Walking is the most basic form of human transport and possibly the mode that offers the greatest overall benefits. Unlike driving a motor vehicle, it does not generate pollution and walkers derive physical benefits. The American Community Survey conducted by the U.S. Census Bureau showed that roughly 4 million Americans reported having walked to their place of employment in the prior seven-day period. In recent years, the number of pedestrian-related traffic accidents has risen.
According to data from the Governors Highway Safety Association (GHSA), 2017 was the second consecutive year of historically high pedestrian fatalities, with nearly 6,000. Researchers have theorized that the high number of pedestrian fatalities is associated with marijuana's legalization for recreational use and the volume of smartphone users.
Jonathan Adkins, the director of the GHSA, referred to the last two-years of pedestrian fatalities as being “a red flag” and expressed hope that this does not become a “sustained trend”. The overall percentage of traffic fatalities involving pedestrians has spiked from 11% to now 16% in the last few years. During the first-half of 2017, fatalities among pedestrians surged in states where marijuana was legalized for recreational purposes compared to the year prior.
Richard Retting, a safety engineer with Sam Schwartz Consulting, pointed out that during this same period, the remainder of the country experienced a relative decline. He stated that no conclusive causal relationship has been found yet. The states where recreational use of marijuana has recently been enacted include Alaska, Washington, Oregon, Nevada, Colorado, Maine, Massachusetts, and the District of Columbia.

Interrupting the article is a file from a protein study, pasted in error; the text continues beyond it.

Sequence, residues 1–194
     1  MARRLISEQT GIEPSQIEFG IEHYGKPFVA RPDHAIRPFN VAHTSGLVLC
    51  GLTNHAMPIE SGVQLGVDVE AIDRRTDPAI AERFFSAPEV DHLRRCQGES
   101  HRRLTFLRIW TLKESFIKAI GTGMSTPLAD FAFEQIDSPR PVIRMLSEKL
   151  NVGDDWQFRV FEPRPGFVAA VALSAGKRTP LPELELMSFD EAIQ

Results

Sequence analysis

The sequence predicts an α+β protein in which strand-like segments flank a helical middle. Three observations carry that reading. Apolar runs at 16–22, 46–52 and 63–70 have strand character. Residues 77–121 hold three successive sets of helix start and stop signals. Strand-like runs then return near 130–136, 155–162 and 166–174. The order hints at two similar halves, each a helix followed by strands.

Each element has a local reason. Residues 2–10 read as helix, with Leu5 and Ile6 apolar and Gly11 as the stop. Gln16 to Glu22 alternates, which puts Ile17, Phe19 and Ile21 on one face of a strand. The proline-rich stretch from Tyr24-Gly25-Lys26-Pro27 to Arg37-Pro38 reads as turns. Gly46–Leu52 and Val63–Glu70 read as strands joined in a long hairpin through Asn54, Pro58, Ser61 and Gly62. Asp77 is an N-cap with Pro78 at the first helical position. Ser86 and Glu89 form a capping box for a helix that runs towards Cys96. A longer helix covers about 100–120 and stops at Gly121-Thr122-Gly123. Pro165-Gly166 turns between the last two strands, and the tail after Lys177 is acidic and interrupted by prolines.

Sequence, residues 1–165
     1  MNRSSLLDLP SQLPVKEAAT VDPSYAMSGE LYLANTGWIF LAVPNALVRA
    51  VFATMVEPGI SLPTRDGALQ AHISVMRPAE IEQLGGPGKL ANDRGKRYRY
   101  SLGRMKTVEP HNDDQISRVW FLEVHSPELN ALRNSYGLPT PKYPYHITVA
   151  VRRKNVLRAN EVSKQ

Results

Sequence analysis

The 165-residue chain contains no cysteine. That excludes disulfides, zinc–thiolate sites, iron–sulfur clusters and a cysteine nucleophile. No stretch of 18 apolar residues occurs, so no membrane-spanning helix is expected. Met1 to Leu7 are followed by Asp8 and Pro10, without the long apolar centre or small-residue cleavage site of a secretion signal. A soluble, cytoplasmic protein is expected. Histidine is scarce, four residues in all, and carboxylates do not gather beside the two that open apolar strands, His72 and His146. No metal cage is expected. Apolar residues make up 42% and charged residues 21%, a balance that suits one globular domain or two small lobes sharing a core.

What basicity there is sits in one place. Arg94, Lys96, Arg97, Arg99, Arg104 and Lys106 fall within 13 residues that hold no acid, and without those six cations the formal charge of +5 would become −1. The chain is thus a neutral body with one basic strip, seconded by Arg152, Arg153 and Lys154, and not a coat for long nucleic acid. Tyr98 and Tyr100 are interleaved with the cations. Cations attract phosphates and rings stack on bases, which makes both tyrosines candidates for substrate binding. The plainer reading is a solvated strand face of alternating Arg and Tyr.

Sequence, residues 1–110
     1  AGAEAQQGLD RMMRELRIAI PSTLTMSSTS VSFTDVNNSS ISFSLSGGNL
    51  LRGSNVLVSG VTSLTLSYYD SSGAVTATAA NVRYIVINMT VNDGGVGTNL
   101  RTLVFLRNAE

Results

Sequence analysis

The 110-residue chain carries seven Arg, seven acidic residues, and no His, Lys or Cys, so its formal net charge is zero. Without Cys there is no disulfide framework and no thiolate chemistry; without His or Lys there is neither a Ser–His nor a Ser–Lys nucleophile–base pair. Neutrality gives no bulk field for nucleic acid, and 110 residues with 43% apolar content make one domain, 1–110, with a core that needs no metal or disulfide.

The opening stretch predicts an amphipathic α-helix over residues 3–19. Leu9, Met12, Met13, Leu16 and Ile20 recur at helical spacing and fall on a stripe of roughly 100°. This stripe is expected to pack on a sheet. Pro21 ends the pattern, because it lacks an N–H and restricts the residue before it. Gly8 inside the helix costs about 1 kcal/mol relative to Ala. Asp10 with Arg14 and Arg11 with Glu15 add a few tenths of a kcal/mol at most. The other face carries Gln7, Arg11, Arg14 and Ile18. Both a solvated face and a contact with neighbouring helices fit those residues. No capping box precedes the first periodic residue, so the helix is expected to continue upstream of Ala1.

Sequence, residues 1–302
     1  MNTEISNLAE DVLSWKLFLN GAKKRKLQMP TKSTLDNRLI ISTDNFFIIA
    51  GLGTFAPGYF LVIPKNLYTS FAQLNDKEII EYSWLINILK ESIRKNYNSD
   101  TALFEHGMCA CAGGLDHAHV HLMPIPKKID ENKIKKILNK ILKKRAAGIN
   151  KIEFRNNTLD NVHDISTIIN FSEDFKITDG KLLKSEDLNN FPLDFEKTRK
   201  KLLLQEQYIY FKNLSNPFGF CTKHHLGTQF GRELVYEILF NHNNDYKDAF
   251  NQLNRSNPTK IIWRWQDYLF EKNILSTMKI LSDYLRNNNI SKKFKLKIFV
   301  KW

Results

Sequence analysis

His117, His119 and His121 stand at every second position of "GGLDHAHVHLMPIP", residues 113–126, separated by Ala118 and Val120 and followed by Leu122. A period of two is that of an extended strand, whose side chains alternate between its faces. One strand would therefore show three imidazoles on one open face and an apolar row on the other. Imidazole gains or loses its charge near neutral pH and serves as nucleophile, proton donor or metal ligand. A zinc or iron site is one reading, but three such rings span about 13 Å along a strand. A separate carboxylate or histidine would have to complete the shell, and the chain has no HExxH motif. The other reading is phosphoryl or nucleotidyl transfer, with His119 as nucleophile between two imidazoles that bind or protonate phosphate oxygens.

Russ Rader, speaking on behalf of the Insurance Institute for Highway Safety, reported that automobile insurance claims in states allowing marijuana usage were approximately 3% higher. Dr. Denise Valenti, a researcher and optometrist from Massachusetts, claims that research shows drivers operating under the influence of marijuana may be up to “six times more likely to kill” someone in a traffic accident than those under the influence of alcohol. Valenti is involved with developing technology for determining “retinal ganglion cell function” that can be a tool for members of law enforcement.
There is little doubt that smartphone usage is highly distractive. The number of these devices currently in operation across the U.S. is estimated to have jumped by 236% between 2010 and 2016 and emergency rooms are seeing a pattern of patients visiting as a result of cell-phone related accidents. Richard Retting says his data indicates a strong correlation between smartphone usage and pedestrian-related accidents.
The GHSA is developing strategies to curb collisions involving motor vehicles and pedestrians thru enhancements in the physical design at intersections along with education and heightened enforcement. Washington D.C. has had continuous problems with pedestrian safety in areas of traffic. Alcohol use is a factor in nearly 50% of pedestrian fatalities. It is recommended that pedestrians travel in well-lit areas after dark and use a flashlight and/or reflective clothing. Pedestrians should limit distractions such as mobile devices or headphones while walking.